We all know that the most expensive prescription is the one the patient does not take. Certainly, there are several factors that impact the decision for a patient to fill a prescription. Failure to comply with medication directions can also impact the health of the patient. These failures to comply can lead to more expensive health care costs down the road.
Doug Long, VP of Industry Relations at IQVIA, spoke briefly about the impact of noncompliance in his presentation in a webinar sponsored by Drug Store News today. As you can see from one of the slides he presented (reproduced below), the more frequently during a day a patient has to take their medication, the higher the percentage of noncompliance. In some chronic diseases (especially the silent diseases), those without any obvious symptoms (i.e., hypertension or high cholesterol) also contribute significantly to noncompliance. When money is tight, or the perceived benefit of a medication is not as great, the patient is more likely to not fill a prescription or skip doses. As noted in his slide, the greatest patient compliance occurs in disease states where the consequence of noncompliance can lead to dire outcomes, like cancer, arthritis (pain) or HIV.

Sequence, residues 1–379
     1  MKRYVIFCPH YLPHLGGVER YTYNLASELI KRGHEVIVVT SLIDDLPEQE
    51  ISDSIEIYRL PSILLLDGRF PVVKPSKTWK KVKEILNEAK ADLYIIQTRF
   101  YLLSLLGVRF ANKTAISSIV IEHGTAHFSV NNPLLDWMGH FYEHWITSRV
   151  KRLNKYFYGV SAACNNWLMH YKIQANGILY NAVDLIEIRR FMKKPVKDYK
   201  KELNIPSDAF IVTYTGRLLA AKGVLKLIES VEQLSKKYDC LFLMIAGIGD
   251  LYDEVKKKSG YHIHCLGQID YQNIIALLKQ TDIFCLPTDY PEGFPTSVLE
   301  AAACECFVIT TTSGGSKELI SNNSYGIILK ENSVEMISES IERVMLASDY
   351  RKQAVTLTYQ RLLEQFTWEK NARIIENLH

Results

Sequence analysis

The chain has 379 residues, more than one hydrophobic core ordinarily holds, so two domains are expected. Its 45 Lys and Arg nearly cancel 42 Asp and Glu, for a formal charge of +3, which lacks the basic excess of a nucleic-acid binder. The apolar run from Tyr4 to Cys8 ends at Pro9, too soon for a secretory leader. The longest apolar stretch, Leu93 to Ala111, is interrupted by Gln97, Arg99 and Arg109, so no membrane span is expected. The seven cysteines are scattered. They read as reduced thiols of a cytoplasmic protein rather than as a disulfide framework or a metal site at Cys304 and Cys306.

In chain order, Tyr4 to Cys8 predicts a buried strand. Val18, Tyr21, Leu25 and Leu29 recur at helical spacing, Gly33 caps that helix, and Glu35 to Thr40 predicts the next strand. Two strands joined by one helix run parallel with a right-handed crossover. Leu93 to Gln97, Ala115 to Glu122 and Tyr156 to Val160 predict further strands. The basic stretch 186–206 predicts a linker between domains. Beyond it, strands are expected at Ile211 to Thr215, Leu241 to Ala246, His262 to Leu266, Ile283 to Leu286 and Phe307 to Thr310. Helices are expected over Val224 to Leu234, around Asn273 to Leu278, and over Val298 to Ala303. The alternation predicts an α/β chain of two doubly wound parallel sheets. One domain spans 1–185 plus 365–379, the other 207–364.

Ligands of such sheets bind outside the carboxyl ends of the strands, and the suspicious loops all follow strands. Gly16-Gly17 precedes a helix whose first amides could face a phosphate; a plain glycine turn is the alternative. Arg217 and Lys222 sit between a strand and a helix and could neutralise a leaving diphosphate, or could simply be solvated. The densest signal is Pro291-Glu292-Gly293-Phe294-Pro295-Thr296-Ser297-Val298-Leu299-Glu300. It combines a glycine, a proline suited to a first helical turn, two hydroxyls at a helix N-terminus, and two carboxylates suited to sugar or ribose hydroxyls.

The entire presentation can be found here . It also includes a market update and the impact that COVID 19 has had on the prescription drug market.